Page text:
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Let $F_n=F_{n-1}+F_{n-2}$ the Fibonacci numbers, and $\phi=\frac{1+\sqrt5}{2}$

The exercise asks me to prove that: $\lim\limits_{n \to \infty}\frac{F_{n+1}}{F_n}=\phi$.

Sorry as can be proceed??

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  • $\begingroup$ And how to get the sequence that converges to 1,618 ... $\endgroup$
    – Jianluca
    May 17 '15 at 17:36
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$$F_{n+1}=F_{n}+F_{n-1} \Rightarrow \frac{F_{n+1}}{F_n}=1+\frac{F_{n-1}}{F_n}$$

Let $$x_n:= \frac{F_{n+1}}{F_n}$$

Then $$x_n=1+\frac{1}{x_{n-1}}$$

You can now prove that $1 \leq x_n \leq 2$ and by induction that

$$ x_1 \leq x_3 \leq x_5 \leq .. \leq x_{2n+1} \leq x_{2n} \leq x_{2n-2} \leq .. \leq x_2$$

From here you get that $x_{2n-1}$ and $x_{2n}$ converge, and you can use their definitions to get their limits. You prove that both limits are the same, which yields the desired result.

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  • $\begingroup$ Great, it was the answer that i was looking for.. $\endgroup$
    – Jianluca
    May 17 '15 at 17:51
  • $\begingroup$ Aren't your inequalities the other way around? For instance, $x_1 = 1$ and $x_2 = 2$. Also, it is the odd subsequence that increases, not the even one. $\endgroup$ Mar 7 '17 at 9:49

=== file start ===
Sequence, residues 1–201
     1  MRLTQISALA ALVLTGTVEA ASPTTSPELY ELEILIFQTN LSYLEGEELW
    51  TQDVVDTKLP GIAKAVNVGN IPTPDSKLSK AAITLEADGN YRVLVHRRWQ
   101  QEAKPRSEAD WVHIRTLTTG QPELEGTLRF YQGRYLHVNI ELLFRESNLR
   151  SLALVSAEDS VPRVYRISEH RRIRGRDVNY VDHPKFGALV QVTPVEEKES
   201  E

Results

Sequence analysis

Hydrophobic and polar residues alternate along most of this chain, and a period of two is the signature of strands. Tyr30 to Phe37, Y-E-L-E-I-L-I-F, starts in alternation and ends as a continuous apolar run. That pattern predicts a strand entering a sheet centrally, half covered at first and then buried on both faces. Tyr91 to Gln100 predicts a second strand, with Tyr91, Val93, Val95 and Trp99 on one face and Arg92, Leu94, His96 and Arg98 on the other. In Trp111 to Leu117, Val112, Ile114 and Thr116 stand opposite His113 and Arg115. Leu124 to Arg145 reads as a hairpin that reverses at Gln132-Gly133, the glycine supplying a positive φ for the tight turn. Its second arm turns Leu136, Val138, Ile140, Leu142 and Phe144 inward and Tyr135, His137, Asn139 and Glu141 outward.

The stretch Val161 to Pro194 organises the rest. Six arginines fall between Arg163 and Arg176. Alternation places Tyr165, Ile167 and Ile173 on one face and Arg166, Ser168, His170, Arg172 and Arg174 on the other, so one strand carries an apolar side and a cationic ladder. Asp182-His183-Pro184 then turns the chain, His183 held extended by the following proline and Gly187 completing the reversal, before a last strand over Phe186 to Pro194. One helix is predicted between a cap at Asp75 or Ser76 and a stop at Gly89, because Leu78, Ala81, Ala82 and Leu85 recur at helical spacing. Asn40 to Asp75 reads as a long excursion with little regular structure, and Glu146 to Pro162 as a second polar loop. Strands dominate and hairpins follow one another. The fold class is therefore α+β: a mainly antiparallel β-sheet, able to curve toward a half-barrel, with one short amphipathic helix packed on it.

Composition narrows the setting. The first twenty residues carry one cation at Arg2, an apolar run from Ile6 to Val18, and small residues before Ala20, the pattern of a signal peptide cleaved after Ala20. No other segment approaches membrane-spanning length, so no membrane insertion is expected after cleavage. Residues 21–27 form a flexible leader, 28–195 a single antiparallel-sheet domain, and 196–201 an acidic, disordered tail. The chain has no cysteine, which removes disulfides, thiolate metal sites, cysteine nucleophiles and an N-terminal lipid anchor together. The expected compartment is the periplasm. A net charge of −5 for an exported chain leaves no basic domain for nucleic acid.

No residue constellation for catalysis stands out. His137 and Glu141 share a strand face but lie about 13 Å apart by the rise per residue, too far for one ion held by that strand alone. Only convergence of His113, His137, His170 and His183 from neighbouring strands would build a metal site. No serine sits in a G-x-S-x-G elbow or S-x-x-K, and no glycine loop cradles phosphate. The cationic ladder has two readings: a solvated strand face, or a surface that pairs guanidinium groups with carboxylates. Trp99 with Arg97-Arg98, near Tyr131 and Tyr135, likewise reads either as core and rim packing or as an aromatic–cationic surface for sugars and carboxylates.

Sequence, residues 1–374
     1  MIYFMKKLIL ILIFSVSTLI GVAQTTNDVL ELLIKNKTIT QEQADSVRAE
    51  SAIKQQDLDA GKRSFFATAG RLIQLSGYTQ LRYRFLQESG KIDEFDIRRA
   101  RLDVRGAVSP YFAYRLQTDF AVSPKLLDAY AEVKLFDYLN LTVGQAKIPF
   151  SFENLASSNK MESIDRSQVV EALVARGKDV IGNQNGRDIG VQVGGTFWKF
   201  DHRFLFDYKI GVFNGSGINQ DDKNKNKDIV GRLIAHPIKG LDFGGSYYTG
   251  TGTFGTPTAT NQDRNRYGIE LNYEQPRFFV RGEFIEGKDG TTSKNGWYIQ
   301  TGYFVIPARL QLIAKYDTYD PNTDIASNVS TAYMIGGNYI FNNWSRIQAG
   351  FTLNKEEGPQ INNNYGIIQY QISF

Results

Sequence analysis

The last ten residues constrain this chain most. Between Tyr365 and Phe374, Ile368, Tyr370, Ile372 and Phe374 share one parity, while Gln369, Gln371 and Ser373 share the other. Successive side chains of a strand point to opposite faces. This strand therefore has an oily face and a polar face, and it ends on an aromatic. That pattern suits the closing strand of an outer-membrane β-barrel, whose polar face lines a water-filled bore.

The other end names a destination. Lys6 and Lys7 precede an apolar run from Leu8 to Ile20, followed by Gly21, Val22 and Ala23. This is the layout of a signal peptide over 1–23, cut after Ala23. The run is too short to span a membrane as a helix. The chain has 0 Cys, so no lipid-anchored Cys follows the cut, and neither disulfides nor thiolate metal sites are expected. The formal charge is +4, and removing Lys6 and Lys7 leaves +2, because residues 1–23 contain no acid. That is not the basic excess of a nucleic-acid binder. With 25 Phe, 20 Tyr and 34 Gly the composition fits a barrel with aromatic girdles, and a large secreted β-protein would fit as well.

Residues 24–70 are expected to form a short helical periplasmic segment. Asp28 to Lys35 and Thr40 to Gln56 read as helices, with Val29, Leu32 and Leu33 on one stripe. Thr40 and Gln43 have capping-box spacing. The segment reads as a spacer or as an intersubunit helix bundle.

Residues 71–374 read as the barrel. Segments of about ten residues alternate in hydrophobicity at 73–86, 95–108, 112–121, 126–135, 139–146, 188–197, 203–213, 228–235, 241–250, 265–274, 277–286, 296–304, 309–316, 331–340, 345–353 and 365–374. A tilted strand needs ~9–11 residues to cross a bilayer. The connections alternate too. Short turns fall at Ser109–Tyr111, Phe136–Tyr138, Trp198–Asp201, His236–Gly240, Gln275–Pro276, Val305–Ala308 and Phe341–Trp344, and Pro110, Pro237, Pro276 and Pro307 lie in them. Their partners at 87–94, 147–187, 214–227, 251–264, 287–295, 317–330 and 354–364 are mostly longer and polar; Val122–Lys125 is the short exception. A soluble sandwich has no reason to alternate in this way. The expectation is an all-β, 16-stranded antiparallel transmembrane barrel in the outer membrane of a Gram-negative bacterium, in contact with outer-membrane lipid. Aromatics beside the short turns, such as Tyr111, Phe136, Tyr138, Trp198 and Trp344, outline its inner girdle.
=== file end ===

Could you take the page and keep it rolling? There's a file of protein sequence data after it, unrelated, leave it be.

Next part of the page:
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Let $R_n=\frac{F_{n+1}}{F_n}$. Since: $$ F_n^2-F_{n-1}F_{n+1} = (-1)^n\tag{1}$$ (it is easy to prove by induction) we have that: $$ \left|R_{n+1}-R_n\right|=\frac{1}{F_n F_{n+1}}, \tag{2}$$ hence $\{R_n\}_{n\in\mathbb{N}}$ is a Cauchy sequence and $R_n$ converges to some $L>1$ that satisfies $L=1+\frac{1}{L}$, since $R_n>1$ and $R_{n+1}=1+\frac{1}{R_n}$.

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  • $\begingroup$ Is that enough to show that $R_n$ is a Cauchy sequence? if yes, can you elaborate please. Wikipedia article about Cauchy sequences states that " it is not sufficient for each term to become arbitrarily close to the preceding term". $\endgroup$ Aug 22 '16 at 5:08
  • $\begingroup$ @ Robert William HanksIt is, if you know additional fact that if $\sum^\infty_{n=1} |R_{n+1} - R_n| < \infty$ then $(R_n)$ is Cauchy. Here it is true, since $F_n >n$, and if $\sum^\infty_{n=1} |R_{n+1} - R_n| \leq \sum^\infty_{n=1} \frac{1}{n(n+1)} < \infty$ . $\endgroup$
    – wroobell
    Dec 10 '17 at 9:30
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Find $\alpha,\beta$ such that $F_0=\alpha+\beta$ and $F_1=\alpha\phi+\beta(1-\phi)$ and show by induction that $$F_n=\alpha\phi^n+\beta(1-\phi)^n.$$ Then compute the desired limit (and use that $|1-\phi|<1$).

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